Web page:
Solution to Ecommerce problem in Africa

Way Forward for Africa in Ecommerce

NIGERIA as a FOCUS

E-commerce has provided for the average shopper to meet his/her shopping requirements. For many Nigerians, seeing and being able to touch an item beats just being able to see it on the screen of a mobile phone or laptop. Many still want to look at, touch, feel and experience a product before they part with their money.

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Experience design at scale

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Understand your user experience

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remain responsive across devices

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fall in love with our features

Real time stats

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Multilingual & translatable

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Less plugins needed

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Amazingly responsive

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Community builder

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Easy to use interface

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Problems of Ecommerce in Africa

According to McKinsey, e-commerce could account for 10 percent of retail sales in Africa’s largest economies by 2025, translating into about $75 billion in annual revenue.

By ODUKOMAIYA SAMUEL

E-commerce has become a global multi-million-dollar industry, with worldwide sales projected to hit an all-time high of $4 trillion in three years. Research by McKinsey indicates that e‑commerce will open up a new shopping experience for Africa’s growing middle class.
According to McKinsey, e-commerce could account for 10 percent of retail sales in the continent’s largest economies by 2025, translating into about $75 billion in annual revenue. With more Nigerians embracing the e-commerce fare amid a growing awareness for globally celebrated shopping festivals such as Black Friday and Cyber Monday, among others, the country could be on the verge of reaping significant benefits from the sub-sector.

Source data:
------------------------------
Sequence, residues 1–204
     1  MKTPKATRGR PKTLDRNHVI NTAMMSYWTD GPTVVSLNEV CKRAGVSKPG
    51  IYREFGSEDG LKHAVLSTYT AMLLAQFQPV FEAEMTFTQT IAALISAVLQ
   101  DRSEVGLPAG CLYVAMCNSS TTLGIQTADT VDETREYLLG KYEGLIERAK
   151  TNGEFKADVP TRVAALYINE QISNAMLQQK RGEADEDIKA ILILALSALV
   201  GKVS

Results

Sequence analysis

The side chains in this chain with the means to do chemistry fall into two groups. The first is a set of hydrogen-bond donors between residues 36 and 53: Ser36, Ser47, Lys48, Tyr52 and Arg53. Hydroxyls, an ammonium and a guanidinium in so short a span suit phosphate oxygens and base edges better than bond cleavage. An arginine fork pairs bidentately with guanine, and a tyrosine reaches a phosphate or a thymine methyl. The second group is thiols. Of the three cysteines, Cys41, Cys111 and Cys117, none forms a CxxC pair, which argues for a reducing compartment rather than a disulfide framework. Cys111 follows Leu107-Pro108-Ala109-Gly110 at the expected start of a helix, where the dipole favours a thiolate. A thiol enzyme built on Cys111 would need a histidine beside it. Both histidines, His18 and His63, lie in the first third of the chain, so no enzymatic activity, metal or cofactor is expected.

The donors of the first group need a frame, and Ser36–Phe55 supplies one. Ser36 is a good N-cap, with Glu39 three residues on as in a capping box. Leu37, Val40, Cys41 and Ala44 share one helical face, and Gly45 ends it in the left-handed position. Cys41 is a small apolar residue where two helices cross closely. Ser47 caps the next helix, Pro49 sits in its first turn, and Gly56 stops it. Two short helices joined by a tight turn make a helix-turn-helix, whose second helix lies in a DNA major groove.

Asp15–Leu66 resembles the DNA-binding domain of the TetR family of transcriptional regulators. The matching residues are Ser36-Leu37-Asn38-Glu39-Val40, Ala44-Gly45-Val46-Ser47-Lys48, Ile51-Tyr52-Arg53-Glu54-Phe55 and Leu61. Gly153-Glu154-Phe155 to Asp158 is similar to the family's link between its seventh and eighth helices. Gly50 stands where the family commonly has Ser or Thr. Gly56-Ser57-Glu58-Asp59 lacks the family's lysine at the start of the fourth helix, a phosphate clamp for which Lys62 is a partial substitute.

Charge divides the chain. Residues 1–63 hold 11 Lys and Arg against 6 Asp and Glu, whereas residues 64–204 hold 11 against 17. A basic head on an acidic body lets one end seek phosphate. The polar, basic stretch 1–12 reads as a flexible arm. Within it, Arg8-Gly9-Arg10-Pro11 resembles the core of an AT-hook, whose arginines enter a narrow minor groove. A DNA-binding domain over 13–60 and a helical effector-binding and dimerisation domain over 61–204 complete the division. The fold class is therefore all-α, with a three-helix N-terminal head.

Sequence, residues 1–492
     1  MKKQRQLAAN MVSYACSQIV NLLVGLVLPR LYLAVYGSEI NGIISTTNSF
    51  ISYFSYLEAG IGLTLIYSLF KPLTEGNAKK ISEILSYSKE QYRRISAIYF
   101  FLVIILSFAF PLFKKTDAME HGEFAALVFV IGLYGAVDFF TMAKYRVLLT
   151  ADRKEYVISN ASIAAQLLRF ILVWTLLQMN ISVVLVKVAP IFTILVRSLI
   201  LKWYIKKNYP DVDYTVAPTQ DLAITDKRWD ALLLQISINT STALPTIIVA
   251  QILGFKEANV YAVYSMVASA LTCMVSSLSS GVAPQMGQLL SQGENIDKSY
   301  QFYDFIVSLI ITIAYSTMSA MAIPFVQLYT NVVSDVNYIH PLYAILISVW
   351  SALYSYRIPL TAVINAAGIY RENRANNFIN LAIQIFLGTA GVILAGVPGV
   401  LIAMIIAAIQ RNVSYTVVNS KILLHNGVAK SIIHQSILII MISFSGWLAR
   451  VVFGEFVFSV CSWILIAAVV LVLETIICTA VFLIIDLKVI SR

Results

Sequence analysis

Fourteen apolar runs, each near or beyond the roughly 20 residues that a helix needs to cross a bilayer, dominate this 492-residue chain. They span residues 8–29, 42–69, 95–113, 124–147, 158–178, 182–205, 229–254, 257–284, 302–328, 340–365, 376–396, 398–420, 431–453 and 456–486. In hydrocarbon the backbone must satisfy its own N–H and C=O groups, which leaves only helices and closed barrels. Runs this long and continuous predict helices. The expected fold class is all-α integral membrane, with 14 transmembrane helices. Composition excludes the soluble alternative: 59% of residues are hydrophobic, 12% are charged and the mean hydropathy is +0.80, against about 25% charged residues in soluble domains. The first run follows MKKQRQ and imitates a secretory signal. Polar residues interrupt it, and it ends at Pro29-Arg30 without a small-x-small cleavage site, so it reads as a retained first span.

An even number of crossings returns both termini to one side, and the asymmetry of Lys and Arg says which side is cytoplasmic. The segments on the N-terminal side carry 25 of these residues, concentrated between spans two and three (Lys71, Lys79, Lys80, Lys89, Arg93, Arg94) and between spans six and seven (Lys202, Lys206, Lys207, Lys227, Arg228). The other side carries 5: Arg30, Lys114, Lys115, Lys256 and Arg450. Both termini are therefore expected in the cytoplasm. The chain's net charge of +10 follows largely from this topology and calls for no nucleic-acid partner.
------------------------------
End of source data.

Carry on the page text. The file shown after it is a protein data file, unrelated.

E-Commerce as a contributor to economic growth and development, e-Commerce has started contributing to the growth of the Nigerian economy. First, e-commerce is creating jobs for the country’s over 20 million unemployed youth, according to the National Bureau of Statistics (NBS). Though the actual jobs created are just over 12,000 jobs since 2012.

December 16, 2012: Nigeria’s personal computer ownership stands at an abysmal 4.5 percent of her teeming population, a significant technology gap in the continent’s most vibrant telecoms market, a new government study has uncovered.
This is pitted against official information showing that the nation’s telecoms market currently has over 100 million active phone connections with over 90 percent of them being mobile phones, according to the Nigerian Communications Commission (NCC), the industry regulator.
Meanwhile, despite being the fastest growing telecoms market in Africa and the increased presence of indigenous PC makers Omatek Computers and Zinox Technologies, Nigeria’s PC penetration ranked 4.5 percent, according to the latest report by the National Bureau of Statistics (NBS).
This figure is revealed in the outcome of the joint survey recently conducted under the “Annual Socio-Economic Report: Access to Information and Communication Technology (ICT)” by the NBS and Central Bank of Nigeria (CBN).
The NBS survey reveals that over 95 percent of Nigerians lacks access to a PC. Access to personal computers appears to be low, with a national average total access of 4.5 percent while actual PC ownership stands at 0.9 percent.

Even with the introduction, of the Computers for All Nigerians Initiatives (CANI), a government-private sector collaboration aimed at increasing PC penetration in Nigeria, the International Telecommunications Union statistics also revealed that PC penetration remained very low in the ratio of 7 computers per 1,000 Nigerians.
In the NBS survey which covers all the 36 states of the Federation and the Federal Capital Territory (FCT), Kogi State recorded the highest percentage of total PC access in the country with 17.4 percent through the majority of the computers are not personally-owned.
The FCT and Lagos had total access rates of 15.9 percent and 15.8 percent respectively, but only five percent of the computers are individually owned. While all other states have lower than 5 percent total access rates to computers, the survey reveals.
According to an analyst, the high cost of computer equipment, the low rate of retail PC sales through online and physical channels and the grossly underdeveloped technological base are the primary reasons for low PC penetration in Nigeria.
NBS observes that considering the poor electricity supply situation in the country coupled with national poverty levels, PC and Internet access are still relatively expensive in most parts of the country, hence lower level of access and ownership.